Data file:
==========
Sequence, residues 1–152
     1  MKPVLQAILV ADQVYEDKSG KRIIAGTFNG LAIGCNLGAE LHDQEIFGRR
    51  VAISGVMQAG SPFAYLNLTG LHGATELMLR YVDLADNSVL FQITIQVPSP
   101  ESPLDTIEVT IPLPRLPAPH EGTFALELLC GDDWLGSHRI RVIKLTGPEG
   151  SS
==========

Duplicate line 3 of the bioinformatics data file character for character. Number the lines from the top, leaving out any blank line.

    51  VAISGVMQAG SPFAYLNLTG LHGATELMLR YVDLADNSVL FQITIQVPSP